In Berlin, Sid and Chip meet up with a couple of other jazz players, one in particular, “the kid,” twenty-year old Hieronymous Falk (or Hiero), would go into history as one of the best jazz trumpeters ever. Hiero’s back story is also very interesting. His mother was German, but his father was one of the black soldiers sent by the French to occupy Germany after World War I; he’s the “half-blood” of the title (“Half-Blood Blues” is also the name of one of the groups most famous songs, which, again, has a fascinating history). These soldiers would be known as “the Black Shame, the Scourge, the Black Infamy”; it was presumed that any woman who had a child with one of the soldiers was either a prostitute or a rape victim. Hieronymous Falk is a legend (and Edugyan doesn’t hesitate to create verisimilitude by listing real jazz musicians who were inspired by this fictional character), but there’s little of him. The book opens in Paris in 1939. The group fled Berlin when the Nazis rose to power, but they didn’t get as far away as they should have. At the end of the first section, Hiero is arrested by the Gestapo, never to be heard from again (we lovers of literature know that it is not rare this story of a legendary, obviously masterful artist whose life was cut tragically short by the Nazis).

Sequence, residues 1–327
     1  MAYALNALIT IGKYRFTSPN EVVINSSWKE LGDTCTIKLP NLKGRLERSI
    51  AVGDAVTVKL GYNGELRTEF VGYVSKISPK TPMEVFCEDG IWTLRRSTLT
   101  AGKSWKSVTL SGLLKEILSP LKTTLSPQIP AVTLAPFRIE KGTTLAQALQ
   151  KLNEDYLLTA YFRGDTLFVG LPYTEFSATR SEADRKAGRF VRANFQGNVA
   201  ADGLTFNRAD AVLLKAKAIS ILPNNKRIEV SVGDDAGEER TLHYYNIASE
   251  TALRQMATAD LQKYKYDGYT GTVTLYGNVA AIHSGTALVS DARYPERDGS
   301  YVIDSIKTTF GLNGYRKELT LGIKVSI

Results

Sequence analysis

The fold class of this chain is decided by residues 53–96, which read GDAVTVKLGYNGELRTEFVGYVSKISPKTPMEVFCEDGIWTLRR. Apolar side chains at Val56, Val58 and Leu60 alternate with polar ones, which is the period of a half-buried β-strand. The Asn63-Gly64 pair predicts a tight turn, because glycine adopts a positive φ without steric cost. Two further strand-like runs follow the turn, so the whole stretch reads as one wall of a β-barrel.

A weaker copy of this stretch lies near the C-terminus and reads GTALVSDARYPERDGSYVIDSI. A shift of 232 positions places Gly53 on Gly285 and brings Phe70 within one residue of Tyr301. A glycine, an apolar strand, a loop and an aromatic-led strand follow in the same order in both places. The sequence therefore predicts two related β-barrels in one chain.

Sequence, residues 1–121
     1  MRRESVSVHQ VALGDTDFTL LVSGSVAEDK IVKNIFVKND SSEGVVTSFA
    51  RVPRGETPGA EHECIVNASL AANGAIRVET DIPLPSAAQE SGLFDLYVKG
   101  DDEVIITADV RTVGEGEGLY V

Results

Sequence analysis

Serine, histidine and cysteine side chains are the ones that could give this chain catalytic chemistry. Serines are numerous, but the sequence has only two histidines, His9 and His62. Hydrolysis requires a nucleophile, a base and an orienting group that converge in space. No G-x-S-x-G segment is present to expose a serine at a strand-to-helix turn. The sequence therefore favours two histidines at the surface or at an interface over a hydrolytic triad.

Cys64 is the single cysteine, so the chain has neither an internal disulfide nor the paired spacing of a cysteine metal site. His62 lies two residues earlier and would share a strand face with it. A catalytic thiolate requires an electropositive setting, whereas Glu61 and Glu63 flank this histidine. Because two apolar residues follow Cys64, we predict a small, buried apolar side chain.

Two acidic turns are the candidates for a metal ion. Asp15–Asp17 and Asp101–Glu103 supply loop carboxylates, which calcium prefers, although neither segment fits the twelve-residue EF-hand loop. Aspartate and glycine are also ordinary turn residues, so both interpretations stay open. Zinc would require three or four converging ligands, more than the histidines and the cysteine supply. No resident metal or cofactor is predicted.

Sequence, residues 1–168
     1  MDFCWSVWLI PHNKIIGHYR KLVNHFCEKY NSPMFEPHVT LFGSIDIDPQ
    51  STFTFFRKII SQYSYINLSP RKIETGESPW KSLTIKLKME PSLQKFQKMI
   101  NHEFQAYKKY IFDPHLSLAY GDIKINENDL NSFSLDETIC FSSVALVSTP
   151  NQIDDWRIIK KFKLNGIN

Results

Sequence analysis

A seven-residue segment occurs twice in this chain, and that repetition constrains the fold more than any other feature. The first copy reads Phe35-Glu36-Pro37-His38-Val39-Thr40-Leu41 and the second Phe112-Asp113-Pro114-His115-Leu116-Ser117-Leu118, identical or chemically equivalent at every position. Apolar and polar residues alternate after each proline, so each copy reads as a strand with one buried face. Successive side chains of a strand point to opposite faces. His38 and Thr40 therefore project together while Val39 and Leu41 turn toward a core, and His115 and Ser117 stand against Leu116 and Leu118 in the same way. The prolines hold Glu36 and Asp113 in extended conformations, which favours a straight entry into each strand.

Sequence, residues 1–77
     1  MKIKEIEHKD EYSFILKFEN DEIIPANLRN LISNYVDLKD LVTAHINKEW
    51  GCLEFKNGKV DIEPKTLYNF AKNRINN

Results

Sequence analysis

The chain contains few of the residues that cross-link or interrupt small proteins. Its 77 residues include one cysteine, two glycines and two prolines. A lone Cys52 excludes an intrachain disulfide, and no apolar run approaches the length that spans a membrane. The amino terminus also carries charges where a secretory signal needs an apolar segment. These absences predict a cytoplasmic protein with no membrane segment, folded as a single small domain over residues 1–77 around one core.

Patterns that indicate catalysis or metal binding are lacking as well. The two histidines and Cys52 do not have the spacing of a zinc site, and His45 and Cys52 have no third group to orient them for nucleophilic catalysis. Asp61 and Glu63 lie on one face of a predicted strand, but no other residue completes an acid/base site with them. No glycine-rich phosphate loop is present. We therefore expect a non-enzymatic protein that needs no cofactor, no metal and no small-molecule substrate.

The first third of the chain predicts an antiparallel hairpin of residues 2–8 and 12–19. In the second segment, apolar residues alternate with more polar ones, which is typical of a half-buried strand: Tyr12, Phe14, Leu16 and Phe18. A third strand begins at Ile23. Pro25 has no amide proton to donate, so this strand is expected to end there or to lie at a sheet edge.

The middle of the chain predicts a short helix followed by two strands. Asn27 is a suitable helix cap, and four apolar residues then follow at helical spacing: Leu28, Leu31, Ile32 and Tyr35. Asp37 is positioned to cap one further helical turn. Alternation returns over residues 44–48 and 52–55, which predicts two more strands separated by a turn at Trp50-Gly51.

Half-Blood Blues then moves to 1992. Sid is old. As the “dependable” member of the band, he never became famous. Chip, on the other hand, has had a successful international career. Still, the most famous of all is Hiero, who allegedly died shortly after the war. Chip visits Sid at his home in Baltimore. Some filmmaker has made a documentary about their jazz band, focusing in particular on Hiero and on their last days together when they recorded “Half-Blood Blues,” their masterwork that was almost lost. The documentary will premiere in Berlin at the new “Hieronymous Falk Festival.” Sid wants Chip to attend with him. Unexpectedly, Chip also tells Sid that ”the kid is alive”; living in Poland, Hiero heard about the documentary and sent Chip a letter asking him to come to Poland to visit while on his trip to Berlin. Chip wants Sid to go with him there too (though Sid soon reads the letter and realizes never does Hiero ask for him to visit).
Reluctantly, Sid says he’ll go to Berlin but not to Poland. He doesn’t really believe Hiero is alive anyway. We quickly learn there’s more to it than that. At the premiere, Sid is mortified when he watches part of the documentary where Chip is being interviewed and says this about Sid: